The acceptability of any food product greatly depends on the impression of taste when it is eaten. Our sense of taste is really a combination of two of our senses, taste and smell . Both of these sense respond to certain chemicals.

How do we taste?

Taste is a complex mixture of flavours and aroma, or smell.

The receptors for the human sense of taste are located on the tongue and on the soft palate. There are just five stimuli to which these receptors respond. These are:

  • sweet (as in sugar)
  • sour (as in acidic substances like lemon juice)
  • bitter (strong coffee or quinine in tonic water)
  • salt (table salt)
  • umami (monosodium glutamate, savouries, soya sauce, crisps)

The traditional view is that tastes are detected on different parts of the tongue (see the taste map opposite). Receptors for each taste are located in taste buds in specific areas of the tongue and each area can only detect one particular taste.

However, more recent research suggests that this may not be the case. The taste buds are still found in the same areas on the tongue but each one can detect all five tastes (sweet, sour, bitter, salt and umami). The brain is able to recognise which receptors are being stimulated and this goes towards the flavour sensation that we experience. The way in which we taste foods and perceive flavours is clearly very complex.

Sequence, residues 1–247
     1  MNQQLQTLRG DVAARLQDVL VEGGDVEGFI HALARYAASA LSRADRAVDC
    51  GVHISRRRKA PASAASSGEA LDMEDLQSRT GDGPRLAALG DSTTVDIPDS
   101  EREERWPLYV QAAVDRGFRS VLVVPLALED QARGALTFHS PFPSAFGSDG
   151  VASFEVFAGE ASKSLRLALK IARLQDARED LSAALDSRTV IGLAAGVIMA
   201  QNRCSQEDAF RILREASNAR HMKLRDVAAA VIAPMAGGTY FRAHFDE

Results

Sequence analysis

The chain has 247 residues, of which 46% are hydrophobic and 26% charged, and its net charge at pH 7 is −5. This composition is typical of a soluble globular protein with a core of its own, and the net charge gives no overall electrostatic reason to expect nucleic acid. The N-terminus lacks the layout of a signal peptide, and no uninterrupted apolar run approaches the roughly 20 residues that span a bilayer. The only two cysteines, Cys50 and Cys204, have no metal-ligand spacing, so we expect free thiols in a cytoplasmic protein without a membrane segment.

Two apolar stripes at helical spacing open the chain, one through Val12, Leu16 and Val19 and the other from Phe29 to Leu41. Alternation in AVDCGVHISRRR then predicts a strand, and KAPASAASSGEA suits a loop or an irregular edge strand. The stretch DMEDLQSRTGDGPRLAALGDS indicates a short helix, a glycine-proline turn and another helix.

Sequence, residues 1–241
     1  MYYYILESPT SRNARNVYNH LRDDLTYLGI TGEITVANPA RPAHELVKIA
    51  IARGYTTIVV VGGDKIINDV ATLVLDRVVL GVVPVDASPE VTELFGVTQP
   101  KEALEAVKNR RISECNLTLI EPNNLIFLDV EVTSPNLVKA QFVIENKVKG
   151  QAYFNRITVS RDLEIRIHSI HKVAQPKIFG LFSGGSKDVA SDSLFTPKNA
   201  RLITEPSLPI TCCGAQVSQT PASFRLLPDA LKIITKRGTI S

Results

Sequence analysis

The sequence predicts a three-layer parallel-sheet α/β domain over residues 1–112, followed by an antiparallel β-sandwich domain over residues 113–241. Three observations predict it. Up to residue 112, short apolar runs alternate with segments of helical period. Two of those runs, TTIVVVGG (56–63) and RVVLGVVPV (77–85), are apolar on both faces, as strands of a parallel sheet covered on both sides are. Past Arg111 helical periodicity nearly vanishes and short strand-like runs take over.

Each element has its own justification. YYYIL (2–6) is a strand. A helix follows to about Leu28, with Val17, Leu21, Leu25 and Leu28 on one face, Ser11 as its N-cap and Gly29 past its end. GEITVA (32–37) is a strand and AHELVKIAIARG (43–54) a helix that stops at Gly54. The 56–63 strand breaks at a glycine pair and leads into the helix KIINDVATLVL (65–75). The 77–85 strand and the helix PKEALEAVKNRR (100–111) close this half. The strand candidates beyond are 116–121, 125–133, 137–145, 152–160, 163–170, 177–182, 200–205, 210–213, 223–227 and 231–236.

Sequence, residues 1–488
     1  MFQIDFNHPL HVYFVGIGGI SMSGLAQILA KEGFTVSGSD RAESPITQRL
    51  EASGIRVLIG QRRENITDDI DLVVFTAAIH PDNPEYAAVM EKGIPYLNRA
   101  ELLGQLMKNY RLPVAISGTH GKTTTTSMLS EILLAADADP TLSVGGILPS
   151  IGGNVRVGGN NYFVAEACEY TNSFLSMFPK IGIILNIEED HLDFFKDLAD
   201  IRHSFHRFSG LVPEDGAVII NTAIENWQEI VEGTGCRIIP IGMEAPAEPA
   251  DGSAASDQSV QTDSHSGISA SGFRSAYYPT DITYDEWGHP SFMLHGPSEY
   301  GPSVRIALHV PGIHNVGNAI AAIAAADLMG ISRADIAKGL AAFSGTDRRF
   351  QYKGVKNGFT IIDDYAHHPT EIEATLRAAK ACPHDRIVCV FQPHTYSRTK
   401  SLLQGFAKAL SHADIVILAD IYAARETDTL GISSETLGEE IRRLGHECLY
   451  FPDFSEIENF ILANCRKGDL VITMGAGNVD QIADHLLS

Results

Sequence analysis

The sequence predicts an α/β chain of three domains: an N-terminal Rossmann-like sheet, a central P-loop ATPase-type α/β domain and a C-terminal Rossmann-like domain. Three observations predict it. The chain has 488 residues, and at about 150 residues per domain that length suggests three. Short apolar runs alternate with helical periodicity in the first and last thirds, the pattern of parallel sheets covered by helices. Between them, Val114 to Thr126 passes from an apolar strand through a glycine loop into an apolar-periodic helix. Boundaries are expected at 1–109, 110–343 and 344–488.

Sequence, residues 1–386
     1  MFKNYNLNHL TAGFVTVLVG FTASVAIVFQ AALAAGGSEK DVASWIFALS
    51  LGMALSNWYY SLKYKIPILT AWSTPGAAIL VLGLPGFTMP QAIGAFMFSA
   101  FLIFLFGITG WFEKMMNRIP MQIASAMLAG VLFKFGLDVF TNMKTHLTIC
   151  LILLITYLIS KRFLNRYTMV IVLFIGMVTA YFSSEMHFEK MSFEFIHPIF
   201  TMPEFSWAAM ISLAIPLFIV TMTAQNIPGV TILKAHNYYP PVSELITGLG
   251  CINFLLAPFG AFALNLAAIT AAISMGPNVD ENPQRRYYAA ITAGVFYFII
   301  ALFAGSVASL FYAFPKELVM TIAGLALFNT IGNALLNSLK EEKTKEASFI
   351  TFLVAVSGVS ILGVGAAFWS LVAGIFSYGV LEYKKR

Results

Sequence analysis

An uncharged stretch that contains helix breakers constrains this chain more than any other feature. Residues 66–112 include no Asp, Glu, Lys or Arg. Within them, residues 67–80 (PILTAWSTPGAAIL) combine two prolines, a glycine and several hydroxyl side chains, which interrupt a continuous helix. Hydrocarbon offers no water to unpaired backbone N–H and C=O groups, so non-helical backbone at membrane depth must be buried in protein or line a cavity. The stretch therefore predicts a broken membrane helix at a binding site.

Our sense of smell also makes up a big part of how well we 'taste' food. Flavour molecules in the food enter the air in the nose and are detected by millions of receptors that feed information to the brain. Chewing helps to transfer more odour from the mouth to the back of the nose. The area which is sensitive to smell is located at the back of the nose where several million receptor cells per square centimetre respond to thousands of chemicals in the food.

Taste areas of the tongue

Location of the taste receptors as shown on a traditional 'taste map'.

Receptors for umami are thought to be spread evenly across the surface of the tongue.

Sight plays an unexpectedly important role in our perception of flavours. The taste of a colourless, shapeless food is extremely difficult to recognise. We may need visual "clues" to enable us to identify taste and flavour accurately.

The brain interprets signals from taste, smell and even vision before turning them into an impression of the food's taste. Different people will find different tastes nice or unpleasant. Flavourings are added to food products to give, enhance or intensify flavour.

Find out about flavourings in food